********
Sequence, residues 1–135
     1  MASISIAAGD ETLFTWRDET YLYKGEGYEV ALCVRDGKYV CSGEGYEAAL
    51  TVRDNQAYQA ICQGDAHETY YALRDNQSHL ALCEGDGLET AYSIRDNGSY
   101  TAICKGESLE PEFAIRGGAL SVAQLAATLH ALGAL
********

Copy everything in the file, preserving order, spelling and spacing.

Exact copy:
Sequence, residues 1–135
     1  MASISIAAGD ETLFTWRDET YLYKGEGYEV ALCVRDGKYV CSGEGYEAAL
    51  TVRDNQAYQA ICQGDAHETY YALRDNQSHL ALCEGDGLET AYSIRDNGSY
   101  TAICKGESLE PEFAIRGGAL SVAQLAATLH ALGAL